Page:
Anthony served in the University of Edinburgh for fifteen years from 1961 to 1976. These were crucial years for his development as a scholar and as an archaeologist. What I have to say about the Edinburgh years is essentially in two parts, one more serious, the other more light-hearted, but I hope that both together will help to illuminate the man in Edinburgh.
In the 1960s and 1970s Classics at Edinburgh was organised in four separate departments, and I was in Greek, housed in the relatively new David Hume Tower on the eastern side of George Square. Anthony's department, Classical Archaeology, was some distance away, in older accommodation (built 1769–74) on the other side of the Square. There, in a shed in a small garden area behind the building, was kept a cast collection of ancient sculptures. You will be pleased to know, Anthony, that these casts have recently been rescued, cleaned and set up in pleasant surroundings to adorn the new and handsome accommodation for Classics in a building that once housed the Medical School of the University.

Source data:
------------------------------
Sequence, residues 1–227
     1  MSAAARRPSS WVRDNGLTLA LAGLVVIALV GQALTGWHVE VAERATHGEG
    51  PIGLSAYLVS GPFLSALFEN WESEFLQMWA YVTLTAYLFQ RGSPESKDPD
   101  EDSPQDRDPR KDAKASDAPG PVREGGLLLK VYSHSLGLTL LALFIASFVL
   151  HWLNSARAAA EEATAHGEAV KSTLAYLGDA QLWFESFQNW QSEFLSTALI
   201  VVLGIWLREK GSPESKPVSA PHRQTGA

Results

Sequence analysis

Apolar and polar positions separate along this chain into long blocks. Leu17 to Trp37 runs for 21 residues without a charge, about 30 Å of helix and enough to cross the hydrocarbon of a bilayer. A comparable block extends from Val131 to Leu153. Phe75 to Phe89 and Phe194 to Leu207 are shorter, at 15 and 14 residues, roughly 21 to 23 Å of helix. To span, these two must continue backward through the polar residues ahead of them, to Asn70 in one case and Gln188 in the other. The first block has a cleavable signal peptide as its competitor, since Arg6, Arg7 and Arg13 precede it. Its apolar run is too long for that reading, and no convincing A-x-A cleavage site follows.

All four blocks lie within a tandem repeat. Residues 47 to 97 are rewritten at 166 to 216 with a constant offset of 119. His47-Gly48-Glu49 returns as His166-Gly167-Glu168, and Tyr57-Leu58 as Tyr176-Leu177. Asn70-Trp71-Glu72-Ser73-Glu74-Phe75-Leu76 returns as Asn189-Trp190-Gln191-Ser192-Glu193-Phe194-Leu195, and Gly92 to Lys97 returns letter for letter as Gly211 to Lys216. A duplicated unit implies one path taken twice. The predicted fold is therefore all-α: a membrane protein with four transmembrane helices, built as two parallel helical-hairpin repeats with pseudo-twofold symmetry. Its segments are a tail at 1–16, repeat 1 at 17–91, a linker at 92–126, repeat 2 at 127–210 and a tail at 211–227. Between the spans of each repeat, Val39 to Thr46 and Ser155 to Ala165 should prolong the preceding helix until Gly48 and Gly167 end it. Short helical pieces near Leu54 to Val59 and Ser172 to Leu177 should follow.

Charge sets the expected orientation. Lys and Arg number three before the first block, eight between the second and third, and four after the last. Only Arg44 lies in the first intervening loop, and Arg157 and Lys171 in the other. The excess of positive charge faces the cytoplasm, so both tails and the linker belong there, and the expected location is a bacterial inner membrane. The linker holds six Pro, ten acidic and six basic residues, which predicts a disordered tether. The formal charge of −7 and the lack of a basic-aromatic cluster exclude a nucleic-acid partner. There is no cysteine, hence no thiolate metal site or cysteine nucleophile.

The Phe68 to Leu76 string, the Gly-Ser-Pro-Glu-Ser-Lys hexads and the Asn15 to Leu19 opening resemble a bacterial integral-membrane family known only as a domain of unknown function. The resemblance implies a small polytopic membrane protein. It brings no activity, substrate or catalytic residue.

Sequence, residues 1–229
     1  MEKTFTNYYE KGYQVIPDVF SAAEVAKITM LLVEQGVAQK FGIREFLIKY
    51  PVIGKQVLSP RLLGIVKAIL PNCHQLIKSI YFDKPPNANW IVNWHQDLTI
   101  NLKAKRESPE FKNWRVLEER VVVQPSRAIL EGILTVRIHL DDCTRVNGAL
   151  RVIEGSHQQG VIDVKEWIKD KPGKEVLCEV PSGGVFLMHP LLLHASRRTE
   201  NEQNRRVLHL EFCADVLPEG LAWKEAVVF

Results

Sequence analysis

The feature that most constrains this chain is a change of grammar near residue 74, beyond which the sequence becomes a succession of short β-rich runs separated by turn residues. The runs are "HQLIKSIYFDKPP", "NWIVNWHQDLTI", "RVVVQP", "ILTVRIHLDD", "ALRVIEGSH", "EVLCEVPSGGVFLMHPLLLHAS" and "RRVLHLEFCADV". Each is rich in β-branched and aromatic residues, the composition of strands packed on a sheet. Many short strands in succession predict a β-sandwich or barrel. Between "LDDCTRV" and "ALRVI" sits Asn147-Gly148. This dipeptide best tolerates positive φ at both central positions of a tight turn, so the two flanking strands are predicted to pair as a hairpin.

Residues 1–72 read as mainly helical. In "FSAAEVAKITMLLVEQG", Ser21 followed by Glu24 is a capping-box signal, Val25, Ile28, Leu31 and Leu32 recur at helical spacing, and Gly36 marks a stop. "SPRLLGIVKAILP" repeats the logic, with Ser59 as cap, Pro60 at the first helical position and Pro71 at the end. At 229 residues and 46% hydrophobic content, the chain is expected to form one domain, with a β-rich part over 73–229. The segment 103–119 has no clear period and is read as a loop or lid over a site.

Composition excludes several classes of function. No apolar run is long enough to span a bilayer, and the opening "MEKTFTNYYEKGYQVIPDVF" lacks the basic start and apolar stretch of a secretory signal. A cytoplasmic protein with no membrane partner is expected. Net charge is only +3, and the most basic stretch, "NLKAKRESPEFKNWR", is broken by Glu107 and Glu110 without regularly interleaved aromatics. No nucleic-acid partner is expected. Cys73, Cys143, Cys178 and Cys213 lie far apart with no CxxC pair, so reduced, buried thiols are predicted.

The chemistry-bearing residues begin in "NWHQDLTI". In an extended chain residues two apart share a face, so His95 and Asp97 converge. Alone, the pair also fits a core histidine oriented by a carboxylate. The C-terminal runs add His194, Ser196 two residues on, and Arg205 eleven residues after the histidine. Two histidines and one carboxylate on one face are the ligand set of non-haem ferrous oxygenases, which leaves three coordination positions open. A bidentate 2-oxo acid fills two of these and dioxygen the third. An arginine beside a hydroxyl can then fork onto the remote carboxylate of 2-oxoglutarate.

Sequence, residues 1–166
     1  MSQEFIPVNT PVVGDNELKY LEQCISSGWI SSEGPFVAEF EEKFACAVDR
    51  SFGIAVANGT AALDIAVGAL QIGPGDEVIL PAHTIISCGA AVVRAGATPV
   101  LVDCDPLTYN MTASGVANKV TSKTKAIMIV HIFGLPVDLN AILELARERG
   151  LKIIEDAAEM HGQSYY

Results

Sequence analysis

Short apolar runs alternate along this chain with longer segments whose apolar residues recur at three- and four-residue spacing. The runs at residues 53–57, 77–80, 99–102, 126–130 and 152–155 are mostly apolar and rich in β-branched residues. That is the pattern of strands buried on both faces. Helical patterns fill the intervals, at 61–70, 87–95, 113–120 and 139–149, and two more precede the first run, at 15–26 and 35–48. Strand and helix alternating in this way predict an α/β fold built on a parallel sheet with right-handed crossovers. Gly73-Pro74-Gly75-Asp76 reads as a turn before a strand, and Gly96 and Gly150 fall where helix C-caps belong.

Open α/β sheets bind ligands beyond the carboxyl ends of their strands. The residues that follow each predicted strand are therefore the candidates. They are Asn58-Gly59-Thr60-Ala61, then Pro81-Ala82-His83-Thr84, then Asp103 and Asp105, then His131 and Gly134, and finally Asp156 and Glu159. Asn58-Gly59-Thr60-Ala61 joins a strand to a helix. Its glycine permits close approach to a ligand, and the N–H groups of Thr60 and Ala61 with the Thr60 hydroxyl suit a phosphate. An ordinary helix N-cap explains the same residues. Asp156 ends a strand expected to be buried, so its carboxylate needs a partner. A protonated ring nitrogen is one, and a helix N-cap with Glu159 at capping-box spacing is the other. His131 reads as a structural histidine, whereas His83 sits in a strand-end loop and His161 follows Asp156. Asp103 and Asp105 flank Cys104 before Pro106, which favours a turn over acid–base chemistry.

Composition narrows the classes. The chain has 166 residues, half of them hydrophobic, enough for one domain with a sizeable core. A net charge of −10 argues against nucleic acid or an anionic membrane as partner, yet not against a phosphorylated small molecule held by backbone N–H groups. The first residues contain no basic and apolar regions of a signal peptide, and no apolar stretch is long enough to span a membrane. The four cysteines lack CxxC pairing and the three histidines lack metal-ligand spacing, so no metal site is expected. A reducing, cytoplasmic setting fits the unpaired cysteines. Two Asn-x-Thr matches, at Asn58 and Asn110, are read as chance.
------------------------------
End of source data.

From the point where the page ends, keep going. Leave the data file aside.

In the course of his first ten years in Edinburgh Anthony published Early Greek Armour and Weapons in 1964, and Arms and Armour of the Greeks in 1967. The Dark Age of Greecegreeted my arrival in 1971, and Archaic Greece: The Age of Experiment was in preparation (it was published in 1980, after he went to Cambridge). The first and third of these volumes were handsomely crafted and published by the Edinburgh University Press, and you will no doubt remember, Anthony, the ebullient Secretary to the Press at that time, Archie Turnbull. You also acknowledged in your preface to The Dark Age the ‘patience, tact and trouble’ of the great editor Walter Cairns. Edinburgh University Press didn't just produce books, it produced works of art, and from a personal point of view I can say that this whole experience, both the inspiration of Anthony's intellectual achievements and also the insights into how one could transfer the results of one's researches onto the pages of a beautiful book, had a profound and lasting influence on me.